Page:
Thursday, June 30, 2016

Edible Umbelliferae - seedlings.

Umbelliferaceae is quite a varied family of plants. Many are edible, some are violently toxic and many are ornamental. They also provide wonderful nectar and pollen for beneficial insects, that like to land on the umbels of flowers for a feed and a rest.

When they are young, it can be a bit difficult to tell which seedling is which. I happen to have a few at the moment so here are a few pictures to help. 

Of course, if you can't tell, then have a little nibble.

Dill. Fine leaves, not as fine as fennel.

Dill. A slightly more dull green.

Carrot - wider than dill or fennel, pointed tips on each bit of the leaf.

Carrots. Quite pointy at the tips

Celery. Rounder ends to leaf tips than parsley. Stems are flatter too, even at this young stage.

Flat leaf/Italian parsley. Leaf tips are slightly more divied than the celery leaf.

Florence fennel/bulb fennel. See the tiny bulb developing on this seedling.

Fennel foliage. Very fine, tends to droop a little.

Coriander. More obvious leaf venation and larger surface area undivided.

Chervil. Very fine leaf and very divided. Larger gaps between the three leaflets than coriander or parsley.

Thursday, June 16, 2016

Permaculture tales: Trees too big for backyards.

Our little sanctuary on the hill has been rented by us for almost 20 years..  in that time we have planted a LOT of different plants, including a LOT of different trees. Most were Acacias, so they came and went fairly easily, mulched or turned into firewood.

Then there were the two large, deciduous trees we planted early on when we moved in. Paulownia and Gleditsia are both excellent trees with many uses. Beautiful shade and flowers and the leaves drop, letting in winter sun and feeding the soil, but wow, did they get big quick!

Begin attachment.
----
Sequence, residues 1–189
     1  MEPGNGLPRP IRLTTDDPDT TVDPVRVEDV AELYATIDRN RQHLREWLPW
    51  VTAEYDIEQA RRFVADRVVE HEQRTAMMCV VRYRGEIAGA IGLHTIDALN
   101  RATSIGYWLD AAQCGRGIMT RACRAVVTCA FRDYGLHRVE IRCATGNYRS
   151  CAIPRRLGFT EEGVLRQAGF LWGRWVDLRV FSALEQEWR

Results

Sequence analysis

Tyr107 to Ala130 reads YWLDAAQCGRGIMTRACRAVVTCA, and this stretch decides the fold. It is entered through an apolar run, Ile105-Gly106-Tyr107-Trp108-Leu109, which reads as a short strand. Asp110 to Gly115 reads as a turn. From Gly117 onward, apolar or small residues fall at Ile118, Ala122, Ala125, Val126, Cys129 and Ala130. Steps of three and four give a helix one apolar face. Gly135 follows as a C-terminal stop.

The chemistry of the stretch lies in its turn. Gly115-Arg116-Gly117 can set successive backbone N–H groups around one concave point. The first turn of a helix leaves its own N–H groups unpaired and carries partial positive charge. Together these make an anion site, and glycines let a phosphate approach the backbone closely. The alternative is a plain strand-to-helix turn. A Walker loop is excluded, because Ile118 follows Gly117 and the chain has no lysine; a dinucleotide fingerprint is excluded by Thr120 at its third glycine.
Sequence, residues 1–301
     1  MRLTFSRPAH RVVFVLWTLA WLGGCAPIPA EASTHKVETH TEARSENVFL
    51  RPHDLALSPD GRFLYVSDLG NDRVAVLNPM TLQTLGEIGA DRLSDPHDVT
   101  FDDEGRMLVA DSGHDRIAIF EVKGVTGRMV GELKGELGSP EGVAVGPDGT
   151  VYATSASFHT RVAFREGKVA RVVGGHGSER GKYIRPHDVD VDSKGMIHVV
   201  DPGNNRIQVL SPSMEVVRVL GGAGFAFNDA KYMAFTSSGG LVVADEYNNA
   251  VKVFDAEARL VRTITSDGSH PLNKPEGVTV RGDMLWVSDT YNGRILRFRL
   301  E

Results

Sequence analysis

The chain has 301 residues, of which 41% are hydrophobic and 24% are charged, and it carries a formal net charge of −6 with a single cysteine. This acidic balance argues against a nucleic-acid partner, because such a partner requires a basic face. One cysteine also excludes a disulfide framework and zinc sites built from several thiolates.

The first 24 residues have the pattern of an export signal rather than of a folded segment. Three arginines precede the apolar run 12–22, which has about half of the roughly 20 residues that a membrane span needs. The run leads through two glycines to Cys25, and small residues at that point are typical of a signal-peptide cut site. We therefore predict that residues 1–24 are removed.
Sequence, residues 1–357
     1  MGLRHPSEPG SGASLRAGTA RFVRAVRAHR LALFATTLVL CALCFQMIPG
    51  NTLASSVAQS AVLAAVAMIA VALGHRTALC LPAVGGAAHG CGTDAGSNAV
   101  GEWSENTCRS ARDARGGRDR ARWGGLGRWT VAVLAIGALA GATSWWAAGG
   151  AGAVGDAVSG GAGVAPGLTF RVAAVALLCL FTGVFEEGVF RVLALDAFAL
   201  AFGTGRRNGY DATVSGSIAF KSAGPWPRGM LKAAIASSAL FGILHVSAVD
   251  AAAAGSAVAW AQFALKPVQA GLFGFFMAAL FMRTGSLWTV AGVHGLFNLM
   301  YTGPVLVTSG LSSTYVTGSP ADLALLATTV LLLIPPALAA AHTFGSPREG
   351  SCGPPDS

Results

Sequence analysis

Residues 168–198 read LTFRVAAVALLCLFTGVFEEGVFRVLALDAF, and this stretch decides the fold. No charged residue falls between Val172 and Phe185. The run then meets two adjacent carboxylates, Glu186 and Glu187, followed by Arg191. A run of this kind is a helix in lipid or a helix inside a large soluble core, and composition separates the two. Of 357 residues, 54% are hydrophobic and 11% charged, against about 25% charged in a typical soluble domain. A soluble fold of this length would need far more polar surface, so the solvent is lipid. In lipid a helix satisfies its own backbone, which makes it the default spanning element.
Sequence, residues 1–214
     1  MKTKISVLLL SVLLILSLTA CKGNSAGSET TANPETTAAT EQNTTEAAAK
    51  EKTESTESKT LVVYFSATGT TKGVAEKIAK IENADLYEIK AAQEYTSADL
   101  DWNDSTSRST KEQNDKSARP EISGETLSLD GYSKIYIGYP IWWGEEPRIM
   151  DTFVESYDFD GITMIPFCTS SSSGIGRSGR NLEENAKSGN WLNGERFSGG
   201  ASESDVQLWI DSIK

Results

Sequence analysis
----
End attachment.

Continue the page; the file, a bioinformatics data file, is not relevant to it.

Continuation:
After a few years of way too much shade and the trees stealing all the water from our vegetable patch came the realisation that they had to go.  We knew there would be issues with suckering so had that to look forward to for at least a year before it stops trying to fill the entire garden with itself. The Paulownia can also sucker but seemed less likely to cause problems.

We invited a friend to come and cut them down for us. He had some chainsaws he had found at the swap meet and fixed so was keen to test them.

Once we had the stump of the honey locust (Gleditsia) we decided to try a tactic someone had suggested for killing off a suckering tree.

The idea is to cover the stump with charcoal and let it burn as far down as you can. Normally more likely done with dry stumps but we wantted to mess it up as much as we could without using herbicide (that comes later).

Fresh Gleditsia stump
Cutting a grid to leat heat in.
The grid
BBQ coals
These things burnt for hours.
Next morning after fire.
Still lots there. Not sure if it really did much.

Then there were the suckers that came up everywhere. Some we chopped, easy ones we pulled. Difficult or thick ones I cut and dabbed with glyphosate, using it for it's best use, precision application. 
Not all over crops.

Suckering suckerers
Little suckers.

About a year later.

Fungi on the stump.
Not looking too happy.

There are now three different kinds of fungus growing on the stump, starting to decompose it.

Now we wait and see what it does next spring and summer, see if they pop up anywhere unexpected.